|Publicatiedatum||4 juni 2013|
|Aanvraagdatum||17 jan 2013|
|Prioriteitsdatum||21 sept 2005|
|Status van betaling||Betaald|
|Ook gepubliceerd als||DE102005045182A1, EP1927253A1, US8386655, US20090024765, US20130132540, WO2007033890A1|
|Publicatienummer||13743578, 743578, US 8458374 B1, US 8458374B1, US-B1-8458374, US8458374 B1, US8458374B1|
|Oorspronkelijke patenteigenaar||Siemens Enterprise Communications Gmbh & Co. Kg|
|Citatie exporteren||BiBTeX, EndNote, RefMan|
|Patentcitaties (34), Verwijzingen naar dit patent (1), Classificaties (11), Juridische gebeurtenissen (2)|
|Externe links: USPTO, USPTO-toewijzing, Espacenet|
This application is a continuation application of U.S. patent application Ser. No. 11/992,145, which is the US National Stage of International Application No. PCT/EP2006/065800, filed Aug. 30, 2006 and claims the benefit thereof. The International Application claims the benefits of German application No. 10 2005 045 182.9 DE filed Sep. 21, 2005. Both of these applications are incorporated by reference herein in their entirety.
The invention relates to a method for configuring a mobile appliance and to an arrangement for performing a method for configuring a mobile appliance.
Appliances used in communication networks (voice networks, data networks, etc.) are provided with communication addresses which are used to use the appliances (communication appliances). Thus, telephones or telephone-like appliances are allocated telephone numbers, computers and computer-like appliances (laptop computers, PDAs, WLAN clients, etc.) use IP addresses (IP=Internet Protocol), computer printers and similar peripherals are likewise addressed using IP addresses or using network names, etc. Either the appliances have already been allocated such addressed by the manufacturer or else they are allocated to the appliances manually, also referred to as administering them. Finally, it is often customary in the case of components (appliances) in computer networks, for example, to assign communication addresses to an appliance automatically, for example using the DHCP method (DHCP=Dynamic Host Configuration Protocol).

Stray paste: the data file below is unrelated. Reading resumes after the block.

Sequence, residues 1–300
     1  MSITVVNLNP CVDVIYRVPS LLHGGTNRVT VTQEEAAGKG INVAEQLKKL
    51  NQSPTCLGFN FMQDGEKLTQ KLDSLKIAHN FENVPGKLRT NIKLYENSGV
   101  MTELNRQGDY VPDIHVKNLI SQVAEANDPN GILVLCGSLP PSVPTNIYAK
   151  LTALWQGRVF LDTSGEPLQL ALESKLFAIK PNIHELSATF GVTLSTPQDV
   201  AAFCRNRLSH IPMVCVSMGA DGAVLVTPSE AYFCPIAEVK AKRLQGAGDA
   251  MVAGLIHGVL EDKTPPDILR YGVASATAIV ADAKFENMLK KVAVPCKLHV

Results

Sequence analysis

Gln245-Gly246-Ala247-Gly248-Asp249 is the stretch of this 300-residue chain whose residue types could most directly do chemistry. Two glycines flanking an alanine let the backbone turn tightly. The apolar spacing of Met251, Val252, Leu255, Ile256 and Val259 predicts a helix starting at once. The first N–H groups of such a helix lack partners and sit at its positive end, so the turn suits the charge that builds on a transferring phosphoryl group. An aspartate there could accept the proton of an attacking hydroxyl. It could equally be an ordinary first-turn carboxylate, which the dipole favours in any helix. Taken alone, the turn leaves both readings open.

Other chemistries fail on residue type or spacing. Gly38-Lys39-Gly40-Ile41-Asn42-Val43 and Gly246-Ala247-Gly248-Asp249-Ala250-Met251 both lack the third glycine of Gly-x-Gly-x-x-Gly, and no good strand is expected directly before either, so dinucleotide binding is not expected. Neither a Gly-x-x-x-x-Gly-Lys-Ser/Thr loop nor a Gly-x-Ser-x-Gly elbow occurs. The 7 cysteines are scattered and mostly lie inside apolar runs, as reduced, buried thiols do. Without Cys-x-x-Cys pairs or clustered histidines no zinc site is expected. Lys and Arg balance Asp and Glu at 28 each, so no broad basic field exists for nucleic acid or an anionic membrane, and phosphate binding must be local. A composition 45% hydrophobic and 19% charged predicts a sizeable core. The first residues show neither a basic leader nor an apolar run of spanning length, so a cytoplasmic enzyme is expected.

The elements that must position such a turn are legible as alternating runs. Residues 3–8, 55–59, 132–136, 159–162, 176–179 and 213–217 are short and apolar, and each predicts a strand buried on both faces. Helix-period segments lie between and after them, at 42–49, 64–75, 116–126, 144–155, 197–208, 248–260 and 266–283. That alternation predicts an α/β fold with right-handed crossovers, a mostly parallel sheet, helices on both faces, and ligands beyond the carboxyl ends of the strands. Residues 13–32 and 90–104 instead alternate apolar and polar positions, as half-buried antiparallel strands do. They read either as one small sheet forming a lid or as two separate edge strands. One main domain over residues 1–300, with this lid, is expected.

In the case of yet other appliances, for example in the case of the telephones, it is frequently so that the appliance itself is not allocated a communication address (in this case a telephone number) but rather the physical connection which is used to connect these appliances to a communication system.
It is frequently desirable to assign a quite particular communication address to an appliance from a stock of communication addresses on the basis of location. Thus, in hotel rooms, for example, the communication appliances (telephones) installed in them or the corresponding interfaces of the communication system have telephone numbers used for them which are either identical to the room number or else at least partially comprise portions of the room number. Thus, by way of example, a telephone in room R315 (third floor, room 15) has the internal telephone number 315 or 9315 or the like. Another example of a location-based communication address of this kind is a computer printer (network printer) which is operated in a conference room and can be addressed via a computer network as “Conference Room 1 Printer”. Such “plain text addresses” are usually able to be converted into an IP address or another “technical” communication address within the computer network, for example by what is known as a “DNS server” (DNS=Domain Naming Service).
When existing appliances which have a “location-dependent” communication address are replaced by new appliances—for example the aforementioned network printer—the new appliance needs to be allocated the communication address and other location-related configuration data from the replaced appliance manually. Whereas, when a corded telephone (which is therefore also a mobile appliance within the context of this patent application) is replaced, for example in the aforementioned hotel room, the previous communication address (telephone number) is retained because the new telephone is being operated on the previous connection (interface), setting up a cordless, mobile appliance (for example a DECT telephone) again, or replacing it, requires the desired room-based or location-linked communication address to be assigned manually to the new or replaced appliance.